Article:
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Jeff Altman, The Big Game Hunter is a coach who worked as a recruiter for what seems like one hundred years. His work involves life coaching, as well as executive job search coaching and business life coaching. He is the host of “Job Search Radio” and “No BS Job Search Advice Radio,” both available through iTunes and Stitcher.
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Someone wrote to me with the question and this is my way of responding to them and the question is, “How do I successfully pad my resume?”
It seems that this person has a four year gap in the background during which time they took some college classes and dealt with some mental health issues and had been on disability. Actually, it seemed lies they are currently on disability the way it’s written.
So I’ll just start by saying it starts off with your own thoughts about yourself. You describe this period as “padding my resume” versus you had an illness and I’m well enough to return to work and would like to do so.
Now if you think you’ll be able to return at the same level, compensation, and a variety of other variables as existed 4 years ago, there you’re kidding yourself. You will not be able to do that. Firms are not going to suddenly assume that after 4 years you know exactly as much as he did before and you are is capable of you were 4 years ago.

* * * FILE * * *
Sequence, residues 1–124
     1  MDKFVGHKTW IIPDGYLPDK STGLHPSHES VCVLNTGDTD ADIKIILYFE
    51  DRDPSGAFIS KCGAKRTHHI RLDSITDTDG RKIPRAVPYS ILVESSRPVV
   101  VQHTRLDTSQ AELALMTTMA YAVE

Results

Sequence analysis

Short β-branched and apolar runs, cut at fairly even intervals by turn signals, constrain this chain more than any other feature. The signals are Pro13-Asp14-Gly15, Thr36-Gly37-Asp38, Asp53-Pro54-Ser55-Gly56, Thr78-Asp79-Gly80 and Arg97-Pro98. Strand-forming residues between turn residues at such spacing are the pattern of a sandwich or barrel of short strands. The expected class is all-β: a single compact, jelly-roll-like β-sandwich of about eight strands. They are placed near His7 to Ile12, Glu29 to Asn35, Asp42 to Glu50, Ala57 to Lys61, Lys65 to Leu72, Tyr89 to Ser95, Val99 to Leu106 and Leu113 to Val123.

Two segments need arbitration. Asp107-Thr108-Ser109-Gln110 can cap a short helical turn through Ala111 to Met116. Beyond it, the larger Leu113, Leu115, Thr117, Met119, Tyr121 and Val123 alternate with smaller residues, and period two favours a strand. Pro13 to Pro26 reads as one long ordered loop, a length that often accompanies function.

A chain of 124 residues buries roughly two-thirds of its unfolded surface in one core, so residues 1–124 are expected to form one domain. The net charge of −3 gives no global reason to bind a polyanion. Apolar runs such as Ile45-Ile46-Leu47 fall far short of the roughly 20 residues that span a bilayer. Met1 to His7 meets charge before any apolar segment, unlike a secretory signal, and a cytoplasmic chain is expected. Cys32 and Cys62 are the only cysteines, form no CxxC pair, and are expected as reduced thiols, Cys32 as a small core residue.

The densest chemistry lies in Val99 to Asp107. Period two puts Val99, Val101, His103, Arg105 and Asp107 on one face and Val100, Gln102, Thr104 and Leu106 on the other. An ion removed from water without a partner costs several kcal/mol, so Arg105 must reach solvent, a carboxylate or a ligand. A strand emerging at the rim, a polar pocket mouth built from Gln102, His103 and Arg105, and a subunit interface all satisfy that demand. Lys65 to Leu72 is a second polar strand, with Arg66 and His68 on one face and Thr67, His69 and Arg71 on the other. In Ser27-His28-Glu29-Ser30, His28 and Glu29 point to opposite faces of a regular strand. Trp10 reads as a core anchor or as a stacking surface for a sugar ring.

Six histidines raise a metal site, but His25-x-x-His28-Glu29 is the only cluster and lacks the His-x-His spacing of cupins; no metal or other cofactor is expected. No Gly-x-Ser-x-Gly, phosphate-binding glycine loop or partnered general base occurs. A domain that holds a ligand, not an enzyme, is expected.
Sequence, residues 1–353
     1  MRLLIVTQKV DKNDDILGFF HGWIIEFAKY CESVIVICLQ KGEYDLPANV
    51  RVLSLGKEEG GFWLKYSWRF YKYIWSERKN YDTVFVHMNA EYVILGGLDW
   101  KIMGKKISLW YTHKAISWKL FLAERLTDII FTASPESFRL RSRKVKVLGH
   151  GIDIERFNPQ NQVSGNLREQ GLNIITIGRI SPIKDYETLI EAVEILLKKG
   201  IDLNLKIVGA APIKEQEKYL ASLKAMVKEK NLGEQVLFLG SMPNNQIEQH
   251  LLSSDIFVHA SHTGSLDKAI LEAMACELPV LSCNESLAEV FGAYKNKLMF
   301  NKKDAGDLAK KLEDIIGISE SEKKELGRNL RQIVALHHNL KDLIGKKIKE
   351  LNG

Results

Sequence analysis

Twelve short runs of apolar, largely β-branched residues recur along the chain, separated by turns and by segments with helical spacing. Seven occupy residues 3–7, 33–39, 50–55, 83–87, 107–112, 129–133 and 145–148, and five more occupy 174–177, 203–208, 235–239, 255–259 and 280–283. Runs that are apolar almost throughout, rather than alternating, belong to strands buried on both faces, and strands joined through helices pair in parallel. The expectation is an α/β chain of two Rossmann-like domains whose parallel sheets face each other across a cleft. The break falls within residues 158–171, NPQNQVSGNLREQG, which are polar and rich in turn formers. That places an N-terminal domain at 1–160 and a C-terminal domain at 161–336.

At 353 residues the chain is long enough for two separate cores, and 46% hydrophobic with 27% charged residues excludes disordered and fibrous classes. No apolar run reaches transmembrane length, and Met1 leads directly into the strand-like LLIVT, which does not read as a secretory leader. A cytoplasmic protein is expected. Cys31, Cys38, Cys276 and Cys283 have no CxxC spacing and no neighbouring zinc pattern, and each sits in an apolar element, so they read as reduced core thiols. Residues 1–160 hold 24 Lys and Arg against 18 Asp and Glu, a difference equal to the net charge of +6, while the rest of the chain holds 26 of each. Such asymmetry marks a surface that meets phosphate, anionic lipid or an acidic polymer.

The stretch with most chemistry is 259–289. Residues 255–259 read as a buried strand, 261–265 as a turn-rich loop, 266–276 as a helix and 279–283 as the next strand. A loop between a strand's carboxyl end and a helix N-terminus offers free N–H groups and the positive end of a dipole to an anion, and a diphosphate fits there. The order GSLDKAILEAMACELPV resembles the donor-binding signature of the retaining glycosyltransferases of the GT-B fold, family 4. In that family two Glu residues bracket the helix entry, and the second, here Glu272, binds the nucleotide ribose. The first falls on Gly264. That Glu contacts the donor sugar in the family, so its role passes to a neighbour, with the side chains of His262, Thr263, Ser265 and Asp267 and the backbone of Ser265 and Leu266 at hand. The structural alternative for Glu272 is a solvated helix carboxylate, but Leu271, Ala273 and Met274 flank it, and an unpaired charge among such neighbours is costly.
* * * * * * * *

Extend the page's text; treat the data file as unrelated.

If you did not drive a car for 4 years and got behind the wheel of one, it might feel little awkward . . . and the same id going to apply to you returning to the workforce. From their vantage point, it’s not about padding; it’s talking about what you did the last 4 years “I had an illness. I’m returning to work. It’s really that simple.
Are going to love that? No. Not every firm is going to be excited to interview you for obvious reasons, but the right firm will and that’s the most important thing I can say to you. The right firm is good be interested in your background despite the four year gap.
So stop referring to this this as padding your resume as though you are going to con someone into a job. Instead, think of it is as taking this issue straight on, knowing that some people are going to be pleased with what you explain to them; some firms will never be convinced; and the right firm will.